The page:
St. Michael’s Conference has been lovingly referred to as Anglo-Catholic Boot Camp.  The schedule is rigorous: Solemn High Mass every morning, three classes in the morning, free time in the afternoon, Solemn Evensong every evening, discussion groups after dinner, and then a fun evening activity, ranging from square-dancing to various games made up by the counselors to combine team building and learning.  The day winds down with Compline (the nighttime prayer office of the church) and the kids go to bed tired, but happy.
We have one purpose for the St. Michael’s Conference: to teach the Conferees about Jesus and help them to love Him and His Church.  In fact, on the first day, Father Director tells the kids that they are not there to have fun.  They are there to learn about Jesus and his Church, and to become good churchman.  But if they put first things first, they will in fact have fun and make great friends.  This has proven true year after year.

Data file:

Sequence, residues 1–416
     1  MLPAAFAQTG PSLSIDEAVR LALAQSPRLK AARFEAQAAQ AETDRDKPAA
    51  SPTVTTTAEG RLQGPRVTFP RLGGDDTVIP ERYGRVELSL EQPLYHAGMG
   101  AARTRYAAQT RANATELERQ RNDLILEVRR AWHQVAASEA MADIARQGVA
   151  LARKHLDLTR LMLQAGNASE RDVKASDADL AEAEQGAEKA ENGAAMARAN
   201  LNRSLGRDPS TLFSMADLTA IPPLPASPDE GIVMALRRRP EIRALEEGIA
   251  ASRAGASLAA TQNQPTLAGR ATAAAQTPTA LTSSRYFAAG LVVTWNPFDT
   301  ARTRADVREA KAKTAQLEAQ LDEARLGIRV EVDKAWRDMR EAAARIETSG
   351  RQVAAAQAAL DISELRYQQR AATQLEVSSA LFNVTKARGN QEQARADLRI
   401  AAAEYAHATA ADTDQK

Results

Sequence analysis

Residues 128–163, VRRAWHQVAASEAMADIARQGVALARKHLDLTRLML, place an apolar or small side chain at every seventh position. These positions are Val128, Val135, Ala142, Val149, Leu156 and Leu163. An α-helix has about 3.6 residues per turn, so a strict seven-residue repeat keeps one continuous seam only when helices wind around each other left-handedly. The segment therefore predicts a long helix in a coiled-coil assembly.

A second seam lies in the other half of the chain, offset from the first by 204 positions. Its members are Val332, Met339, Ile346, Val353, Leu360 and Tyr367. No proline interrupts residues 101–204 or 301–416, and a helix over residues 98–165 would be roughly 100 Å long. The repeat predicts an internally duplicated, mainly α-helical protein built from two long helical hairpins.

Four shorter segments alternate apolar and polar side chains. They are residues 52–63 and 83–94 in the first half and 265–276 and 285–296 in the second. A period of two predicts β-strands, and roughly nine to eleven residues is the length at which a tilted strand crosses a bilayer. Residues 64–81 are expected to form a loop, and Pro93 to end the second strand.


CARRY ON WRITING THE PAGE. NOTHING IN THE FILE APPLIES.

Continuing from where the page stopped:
Thank you to the many members of St. John’s who have supported the conference with their prayers and financial contributions.  Both of these are absolutely vital to the continued success of the conference.  We are training up the Church of today and the future, and the hope for the continuance of traditional Anglicanism rests on this and future generations learning the Truth about Jesus Christ so that they can embrace it, and share it.

Saturday, July 14, 2018

General Convention - Rector's Rambling for July 8, 2018

This past week The General Convention of the Episcopal Church got underway.  This is the every-three-year gathering of representatives from dioceses of the Church, as well as the bishops, to do the legislative work of the Church.  Information on the structure of the Convention can be found in the teaching notes on page 4.
The General Convention came into being because of the Revolutionary War.  After our Independence from England, what was left of the Church of England in the new nation was now without an authority structure.  No Bishops had been consecrated for the Church in the colonies, and those who desired ordination to the priesthood had to go back to England to do so.  Bishops were appointed by the King, and made decisions in counsel for the common good of the Church.  Bishops, as well as priests and deacons, in the ordination service had to acquiesce to the Articles of Religion, including an oath of allegiance to the King of England (something these new American Citizens could not do).